Last week, I mentioned to an acquaintance that my son has ADHD.
Her response was, “Oh, I’m sorry.”
And my response was, “Don’t be, it’s a gift.”
My son is intellectually three or more steps ahead of me and most adults. It keeps us all sharp. That’s a gift.
My son’s sense of humor is years ahead of his age. His one-liners are ridiculous. And he’s charming as hell. We think maybe he’s the human embodiment of Calvin from Calvin and Hobbes. That’s a gift.
|My son can operate, fix, and utilize the electronic devices in this house better than anyone else in the family. And I’m in tech. I’m hoping I’m raising the kid who figures out how to stop SkyNet. At the very least, I’m fairly certain he’s managing off shore bank accounts from online gambling. I hope it’s all legal.|
(I’m kidding…I hope)
When my son was in kindergarten, I was doing two by two multiplication flashcards with my daughter who was in third grade accelerated math at the time. My son called out the answers before his sister could. Over his shoulder. While he watched TV. He still calls out answers off-handedly this way. That’s a gift.
My son rushes through exams and district assessments because he cannot stand the monotony of them. He entertains himself with the race to the end. And he aces them anyway. That’s a gift.
My son is bored in class, despite being in accelerated math and gifted and talented services. And it’s hard, and it sucks, and he’s restless. But he’s trying to stick it out for himself, his parents, and his teachers because he believes us when we say it’s important. That’s a gift.
My son tells me he’s bored, among other things. He communicates openly with me about how he feels and what he needs. And even though we’ve been told more than once “kids use ‘I’m bored’ as a go-to excuse.” He knows I trust him. And he trusts me. That’s a gift.
My son is mobile in class and struggles to stay on task with assignments. He provides himself impromptu breaks in the bathroom…entertaining himself by swinging on stall doors and climbing the walls. He says he knows when he just can’t take it anymore. That’s a gift.
Funny enough, my son doesn’t have problems with following directives or staying on task in PE. His PE teachers say he’s just like any other boy. That’s a gift.
When lunch is before recess, my son barely eats and stands while he nibbles. When recess is after lunch, he sits down, EATS and exchanges lively conversation with his friends. He soaks up physical exertion like a flower in the sun. That’s a gift.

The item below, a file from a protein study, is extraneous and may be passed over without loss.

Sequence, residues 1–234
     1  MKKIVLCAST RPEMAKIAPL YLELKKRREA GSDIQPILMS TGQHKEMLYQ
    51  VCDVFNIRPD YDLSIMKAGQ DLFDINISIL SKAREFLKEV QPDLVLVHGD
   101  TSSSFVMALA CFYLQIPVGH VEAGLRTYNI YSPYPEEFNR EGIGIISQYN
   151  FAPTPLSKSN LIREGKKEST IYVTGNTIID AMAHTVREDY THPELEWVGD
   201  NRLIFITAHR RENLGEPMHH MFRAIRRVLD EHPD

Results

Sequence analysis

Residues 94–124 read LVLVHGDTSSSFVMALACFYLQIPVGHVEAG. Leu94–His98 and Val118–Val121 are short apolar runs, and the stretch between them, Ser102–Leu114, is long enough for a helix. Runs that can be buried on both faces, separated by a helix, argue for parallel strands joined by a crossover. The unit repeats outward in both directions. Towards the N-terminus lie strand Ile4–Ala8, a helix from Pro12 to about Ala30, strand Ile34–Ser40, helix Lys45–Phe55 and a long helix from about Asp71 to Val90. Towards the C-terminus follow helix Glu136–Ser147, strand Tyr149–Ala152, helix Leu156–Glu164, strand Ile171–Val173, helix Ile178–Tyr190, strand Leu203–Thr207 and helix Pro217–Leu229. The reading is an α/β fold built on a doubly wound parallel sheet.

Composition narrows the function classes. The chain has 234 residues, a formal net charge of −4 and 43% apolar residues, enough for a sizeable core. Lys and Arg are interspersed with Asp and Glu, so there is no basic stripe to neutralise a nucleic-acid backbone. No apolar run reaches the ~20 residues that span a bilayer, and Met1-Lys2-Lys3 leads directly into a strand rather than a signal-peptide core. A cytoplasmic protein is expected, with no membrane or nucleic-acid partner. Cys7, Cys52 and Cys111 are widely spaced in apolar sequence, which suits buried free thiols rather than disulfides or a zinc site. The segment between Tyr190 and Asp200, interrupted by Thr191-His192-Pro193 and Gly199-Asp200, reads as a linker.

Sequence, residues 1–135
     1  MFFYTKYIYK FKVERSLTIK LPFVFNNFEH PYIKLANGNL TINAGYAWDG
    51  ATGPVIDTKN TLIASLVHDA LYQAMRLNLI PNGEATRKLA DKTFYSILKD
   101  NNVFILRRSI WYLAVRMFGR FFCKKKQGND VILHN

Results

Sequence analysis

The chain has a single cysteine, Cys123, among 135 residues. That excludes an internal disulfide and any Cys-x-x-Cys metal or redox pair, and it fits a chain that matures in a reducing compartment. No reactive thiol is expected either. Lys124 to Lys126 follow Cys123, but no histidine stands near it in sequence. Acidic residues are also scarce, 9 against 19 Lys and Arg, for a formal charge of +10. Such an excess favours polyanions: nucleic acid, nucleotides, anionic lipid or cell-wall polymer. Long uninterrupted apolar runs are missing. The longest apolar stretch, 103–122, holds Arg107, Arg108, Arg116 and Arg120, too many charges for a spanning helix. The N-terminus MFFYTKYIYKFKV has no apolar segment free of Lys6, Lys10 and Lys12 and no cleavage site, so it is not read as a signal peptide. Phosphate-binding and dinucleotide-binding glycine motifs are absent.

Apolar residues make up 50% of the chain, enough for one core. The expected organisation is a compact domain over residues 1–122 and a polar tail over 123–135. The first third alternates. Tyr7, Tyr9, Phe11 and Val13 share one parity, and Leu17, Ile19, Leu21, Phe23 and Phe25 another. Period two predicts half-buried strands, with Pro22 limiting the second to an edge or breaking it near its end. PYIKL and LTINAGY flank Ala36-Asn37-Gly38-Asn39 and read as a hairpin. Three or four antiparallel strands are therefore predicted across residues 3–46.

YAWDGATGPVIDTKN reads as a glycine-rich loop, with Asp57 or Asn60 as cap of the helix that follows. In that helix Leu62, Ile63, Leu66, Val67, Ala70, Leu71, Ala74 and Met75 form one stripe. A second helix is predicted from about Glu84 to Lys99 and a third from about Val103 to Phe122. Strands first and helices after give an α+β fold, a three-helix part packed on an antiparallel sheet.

My son will play outside for hours. The way I used to play. Up trees. On a bike. In mud.
He dug a hole in my backyard so deep that my husband and I have discussed whether we need to have the utility company come out and identify utility lines… or issue a construction permit. That’s a gift.
My son has little to no interest putting energy or time into things that don’t interest him. However, when he’s interested, he can solve, build, create, write or develop just about anything from beginning to end. AND FAST. He’s part of an elite group of creative thinking “get it done” people. Like Richard Branson, Albert Einstein, David Neeleman, Bill Gates, Stephen Spielberg, Jim Carey, JFK… the list goes on and on. That’s a gift.
…That’s actually my favorite gift. Adults want my son to fall in line with the status quo. He cannot. He. Can. Not. It makes his skin crawl. Man I wish I had never learned to be disciplined enough to do things I don’t enjoy for hours at a time…or for a living. It took me years to stop over achieving at the wrong things. My son won’t have this problem. That’s a gift.
My son is making me a better person. The kind of person who not only embraces diversity and individuality, but who advocates for it assertively. Pushing through people-pleasing and fear of conflict with diplomacy and strength. Oh, and he is definitely forcing the patient into me. That’s a gift.
I’m not bragging. Or maybe I am. There’s plenty of tough stuff too, but that’s material for another day. I just wanted to take a moment to celebrate my son’s greatness. To shed some light on why the world desperately needs children and adults with ADHD. Why we need to love them just as they are and not try to mold them into the average.
Because they are bringing gifts that we all get to open.